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80 Cards in this Set

  • Front
  • Back
biological psychology
a branch of psychology concerned with the links between biology and behavior (also called behavioral psy)
a nerve cell; the basic building block of the nervous system
the bushy, branching extensions of a neuron that receive messages and conduct impulses toward the cell body
the extension of a neuron, ending in branching terminal fibers, through which messages pass to other neurons or to muscles or glands
action potential
a neural impulse; a brief electrical charge that travels down an axon. The action potential is generated by the movement of positively charged atoms in and out of channels in the axon's membrane.
a layer of fatty tissue segmentally encasing the fibers of many neurons; enables vastly greater transmission speed of neural impulses as the impulse hops from one to the next.
the level of stimulation required to trigger a neural impulse
the junction between the axon tip of the sending neuron and the dendrite or cell body of the recieving neuron. The tiny gap at this junction is called the synaptic gap
chemical messengers that traverse the synaptic gaps between neurons. When released by the sending neuron, neurotransmitters travel across the synapse and bind to receptor sites on the recieving neuron, thereby influencing whether that neuron will generate a neural impulse
Acetylcholine (ACh) neurotransmitter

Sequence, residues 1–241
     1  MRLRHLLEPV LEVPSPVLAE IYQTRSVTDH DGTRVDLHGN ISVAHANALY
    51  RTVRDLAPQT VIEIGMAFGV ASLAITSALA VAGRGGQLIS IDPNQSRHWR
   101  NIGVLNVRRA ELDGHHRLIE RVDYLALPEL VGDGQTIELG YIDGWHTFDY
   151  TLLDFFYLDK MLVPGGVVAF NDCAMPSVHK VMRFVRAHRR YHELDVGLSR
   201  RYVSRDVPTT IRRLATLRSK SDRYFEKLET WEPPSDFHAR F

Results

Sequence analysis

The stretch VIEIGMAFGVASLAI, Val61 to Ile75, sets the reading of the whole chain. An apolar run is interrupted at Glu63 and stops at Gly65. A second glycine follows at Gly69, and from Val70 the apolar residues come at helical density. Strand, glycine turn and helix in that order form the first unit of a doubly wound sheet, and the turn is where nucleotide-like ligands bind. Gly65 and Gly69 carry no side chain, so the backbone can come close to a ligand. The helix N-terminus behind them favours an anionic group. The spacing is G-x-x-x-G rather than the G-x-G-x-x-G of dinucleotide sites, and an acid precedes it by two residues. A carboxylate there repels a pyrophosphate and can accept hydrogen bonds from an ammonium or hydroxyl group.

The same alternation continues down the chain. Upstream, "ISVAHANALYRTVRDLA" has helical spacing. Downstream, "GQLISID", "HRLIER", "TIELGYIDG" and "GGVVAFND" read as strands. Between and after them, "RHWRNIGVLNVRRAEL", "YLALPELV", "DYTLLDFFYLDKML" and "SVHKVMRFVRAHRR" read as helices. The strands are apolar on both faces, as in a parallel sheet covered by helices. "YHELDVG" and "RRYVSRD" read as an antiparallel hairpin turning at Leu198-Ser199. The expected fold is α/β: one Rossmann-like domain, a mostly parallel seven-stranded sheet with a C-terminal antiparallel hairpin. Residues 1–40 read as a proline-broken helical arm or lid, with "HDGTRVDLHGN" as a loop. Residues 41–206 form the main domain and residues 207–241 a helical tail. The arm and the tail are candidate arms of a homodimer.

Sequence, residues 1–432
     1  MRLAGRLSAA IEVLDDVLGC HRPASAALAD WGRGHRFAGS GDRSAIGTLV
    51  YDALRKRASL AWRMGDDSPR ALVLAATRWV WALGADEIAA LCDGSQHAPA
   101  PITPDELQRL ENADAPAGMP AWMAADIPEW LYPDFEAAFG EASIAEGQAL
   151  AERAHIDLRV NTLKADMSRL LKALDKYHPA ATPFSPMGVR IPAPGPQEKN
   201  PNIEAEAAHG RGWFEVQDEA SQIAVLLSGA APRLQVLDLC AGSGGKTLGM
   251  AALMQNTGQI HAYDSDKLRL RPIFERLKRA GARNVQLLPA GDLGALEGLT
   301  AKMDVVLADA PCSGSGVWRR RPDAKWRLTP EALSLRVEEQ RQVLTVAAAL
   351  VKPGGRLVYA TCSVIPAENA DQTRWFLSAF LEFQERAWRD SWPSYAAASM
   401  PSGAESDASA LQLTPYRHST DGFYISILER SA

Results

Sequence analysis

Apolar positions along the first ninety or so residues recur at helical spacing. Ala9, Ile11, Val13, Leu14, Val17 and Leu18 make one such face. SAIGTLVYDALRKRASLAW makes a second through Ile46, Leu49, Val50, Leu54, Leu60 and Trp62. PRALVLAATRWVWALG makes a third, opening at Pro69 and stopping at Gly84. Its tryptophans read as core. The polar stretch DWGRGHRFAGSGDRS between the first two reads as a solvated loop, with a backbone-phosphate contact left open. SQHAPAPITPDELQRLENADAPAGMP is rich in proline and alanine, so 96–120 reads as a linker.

enables muscle action, learning, and memory
dopamine neurotransmitter
influences movement, learning, attention, and emotion
serotonin neurotransmitter
affects mood, hunger, sleep, and arousal
norepinephrine neurotransmitter
helps control alertness and arousal
GABA neurotransmitter
a major excititory neurotransmitter, involved in memory
"morphine within"; natural, opiate-like neurotransmitters linked to pain control and pleasure
cerebral cortex
thin outer layer of brain, 1/8" thick, 3/4 nerve cells, performs higher mental functions
nervous system
the body's speedy, electrochemical communication system, consisting of all the nerve cells of the peripheral and central nervous system
central nervous system (CNS)
the brain and spinal chord
Peripheral Nervous System (PNS)
the sensory and motor neurons that connect the CNS to the rest of the body
neural "cables" containing many axons. These bundled axons, which are part of the PNS, connect to the CNS with muscles, glands, and sense organs
sensory neurons
neurons that carry incoming info from the sense receptors to the CNS
CNS neurons that internally communicate and intervene between the sensory inputs and motor outputs
motor neurons
neurons that carry outgoing info from the CNS to the muscles and glands
autonomic nervous system
the part of the PNS that controls the glands and muscles of internal organs (heart). Its sympathetic division arouses; its parasympathetic division calms
a simple, automatic inborn response to a sensory stimulus, such as the knee-jerk response
the oldest part and central core of the brain, beginning where the spinal chord swells as it enters the skull; the brainstem is responsible for automatic survival functions
the base of the brainstem; controls heartbeat and breathing
reticular formation
a nerve network in the brainstem that plays an important role in controlling arousal